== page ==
Narrow Screening Plants for Southern California, Part III

Is this it?  Is this the Holy Grail I've been searching for?   I briefly mentioned Euonymous japonica 'Chollipo' in Narrow Screening Part I, but I have  a couple of photos now and more thoughts on this plant.   Here's one of the plants I bought recently:
Euonymous japonica 'Chollipo'

Here is an established screening hedge of the same plant that I spotted in the neighborhood.  I think it was planted about five years ago, though it was dense, solid, and tall in much less than five years:
Euonymous japonica 'Chollipo'

Sadly, for  some reason this property owner wanted to extend the hedge a  little farther,  but extended it with variegated Syzygium paniculatum instead of Euonymous.  I wonder how that will work  out:
Variegated Syzygium
  
Euonymous japonica 'Chollipo':  dense enough, narrow enough, tall enough!    Drawbacks are a potential for scale infestations, and it's variegated, which some people don't like (though I do).  As you can see from the picture, once trimmed up into a hedge the effect is more gold  than variegated gold/green, which some people don't like at all ("Is that shrub chlorotic or something?")  But fairly drought-tolerant once established.  Wow!  This may be The One. 

Comments

  1. Thanks for these "Narrow Screening" posts! I've just read them all to create some division from neighbors. We're also in SoCal, and as such are very interested in hearing your particular luck, experience, and observations.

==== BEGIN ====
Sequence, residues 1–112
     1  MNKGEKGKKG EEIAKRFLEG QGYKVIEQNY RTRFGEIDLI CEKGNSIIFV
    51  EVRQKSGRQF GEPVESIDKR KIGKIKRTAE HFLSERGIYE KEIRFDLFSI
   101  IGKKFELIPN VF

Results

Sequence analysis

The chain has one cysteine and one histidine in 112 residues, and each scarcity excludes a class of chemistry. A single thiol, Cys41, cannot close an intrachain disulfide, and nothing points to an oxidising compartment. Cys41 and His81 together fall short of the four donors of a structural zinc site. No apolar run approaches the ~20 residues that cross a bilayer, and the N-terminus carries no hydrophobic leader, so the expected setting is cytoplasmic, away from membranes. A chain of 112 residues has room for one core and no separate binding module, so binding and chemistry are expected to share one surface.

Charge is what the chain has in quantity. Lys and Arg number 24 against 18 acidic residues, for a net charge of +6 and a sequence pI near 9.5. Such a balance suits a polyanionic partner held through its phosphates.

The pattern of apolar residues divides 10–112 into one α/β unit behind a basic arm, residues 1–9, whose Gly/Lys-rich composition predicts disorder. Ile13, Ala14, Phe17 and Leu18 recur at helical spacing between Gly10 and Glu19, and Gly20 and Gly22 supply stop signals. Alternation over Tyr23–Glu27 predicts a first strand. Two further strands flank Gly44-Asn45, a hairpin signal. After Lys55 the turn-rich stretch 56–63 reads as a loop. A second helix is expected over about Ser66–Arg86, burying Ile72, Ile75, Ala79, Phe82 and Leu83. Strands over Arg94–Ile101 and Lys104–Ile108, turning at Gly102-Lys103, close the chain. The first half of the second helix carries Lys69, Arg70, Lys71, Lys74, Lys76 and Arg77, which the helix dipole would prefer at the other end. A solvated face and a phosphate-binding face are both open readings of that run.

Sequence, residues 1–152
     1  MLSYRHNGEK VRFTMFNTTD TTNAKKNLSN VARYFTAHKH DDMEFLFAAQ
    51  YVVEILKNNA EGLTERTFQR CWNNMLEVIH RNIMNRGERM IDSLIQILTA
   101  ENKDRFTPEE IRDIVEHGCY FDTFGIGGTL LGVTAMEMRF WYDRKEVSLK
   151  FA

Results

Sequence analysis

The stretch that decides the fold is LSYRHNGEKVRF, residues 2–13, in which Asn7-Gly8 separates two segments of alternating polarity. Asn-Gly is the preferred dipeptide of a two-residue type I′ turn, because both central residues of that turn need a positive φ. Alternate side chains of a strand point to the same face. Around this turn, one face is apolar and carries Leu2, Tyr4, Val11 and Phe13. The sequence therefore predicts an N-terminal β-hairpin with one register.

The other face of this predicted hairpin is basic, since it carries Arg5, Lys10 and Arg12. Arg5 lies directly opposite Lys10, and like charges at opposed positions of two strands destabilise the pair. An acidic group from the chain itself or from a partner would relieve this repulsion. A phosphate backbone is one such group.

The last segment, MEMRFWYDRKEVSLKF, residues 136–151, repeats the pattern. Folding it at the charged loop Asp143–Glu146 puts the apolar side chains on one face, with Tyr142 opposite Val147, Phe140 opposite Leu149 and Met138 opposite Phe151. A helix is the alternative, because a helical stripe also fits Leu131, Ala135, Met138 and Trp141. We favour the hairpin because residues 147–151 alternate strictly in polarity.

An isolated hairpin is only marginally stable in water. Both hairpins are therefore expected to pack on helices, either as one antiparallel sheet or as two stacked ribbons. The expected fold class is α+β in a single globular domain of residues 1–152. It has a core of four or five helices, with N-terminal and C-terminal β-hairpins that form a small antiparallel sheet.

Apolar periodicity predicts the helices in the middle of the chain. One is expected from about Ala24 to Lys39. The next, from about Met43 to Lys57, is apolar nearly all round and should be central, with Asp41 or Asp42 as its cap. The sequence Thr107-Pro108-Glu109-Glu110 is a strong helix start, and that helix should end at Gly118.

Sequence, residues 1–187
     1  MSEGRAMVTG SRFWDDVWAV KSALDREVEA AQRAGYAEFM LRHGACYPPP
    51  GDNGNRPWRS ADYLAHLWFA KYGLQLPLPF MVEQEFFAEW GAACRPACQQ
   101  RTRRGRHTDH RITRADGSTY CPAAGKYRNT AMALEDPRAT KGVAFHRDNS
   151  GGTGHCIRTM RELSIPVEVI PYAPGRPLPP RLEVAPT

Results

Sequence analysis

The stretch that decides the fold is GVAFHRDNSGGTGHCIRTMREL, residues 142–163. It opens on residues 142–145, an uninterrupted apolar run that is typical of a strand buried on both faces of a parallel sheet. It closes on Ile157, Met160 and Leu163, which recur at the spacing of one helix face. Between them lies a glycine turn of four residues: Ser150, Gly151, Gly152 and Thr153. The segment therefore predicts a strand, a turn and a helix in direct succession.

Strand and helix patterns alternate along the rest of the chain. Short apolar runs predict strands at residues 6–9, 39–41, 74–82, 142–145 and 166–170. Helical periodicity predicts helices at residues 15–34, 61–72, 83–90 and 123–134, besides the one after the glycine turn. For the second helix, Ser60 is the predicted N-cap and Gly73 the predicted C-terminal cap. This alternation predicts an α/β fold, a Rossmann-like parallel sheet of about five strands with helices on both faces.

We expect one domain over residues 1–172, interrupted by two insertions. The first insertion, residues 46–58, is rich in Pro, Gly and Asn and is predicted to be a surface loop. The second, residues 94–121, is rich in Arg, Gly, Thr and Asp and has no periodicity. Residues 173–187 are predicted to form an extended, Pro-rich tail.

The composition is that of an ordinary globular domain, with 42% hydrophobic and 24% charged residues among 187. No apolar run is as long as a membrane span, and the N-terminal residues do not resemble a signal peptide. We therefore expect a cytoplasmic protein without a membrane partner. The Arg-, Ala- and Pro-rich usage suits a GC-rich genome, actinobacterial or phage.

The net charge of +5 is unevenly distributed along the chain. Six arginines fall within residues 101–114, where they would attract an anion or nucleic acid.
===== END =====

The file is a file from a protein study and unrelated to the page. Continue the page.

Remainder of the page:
How have your Chollipos done over the past year since this post? Is this truly "the one?"

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  2. Hi Jim!

    My four copies of 'Chollipo' are happy, healthy, beautiful...and not much taller than they were when I planted them.

    Jury remains out, but Luke Skywalker or Harry Potter, or Neo they are not, at least not yet.

    Monrovia is just introducing a new Pittosporum, 'Tasman Ruffles', that is supposedly fastigate or at least conical. I'm awaiting that one. The search contines. Pittosporum 'Emerald Wave' is shaping up nicely. I'll have to re-photograph that one showing it's progress. Keep in mind the farther away from the coast you are, the more difficult Pitts get...

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  3. Oh shoot. I was really hoping to hear that they grew to 10–12 feet high already. I guess the "fast-growing" part isn't necessarily always the case.

    Thanks for this and all other info! If you do find "the one," please do let us know (and I'll do the same).

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  4. Will do, Jim. I'd appreciate hearing about any discoveries you make, too.

    I have realized, though, that the slower growing plants are usually the best. Fast plants are so often weedy and coarse, and at worst, aggressive garden thugs.

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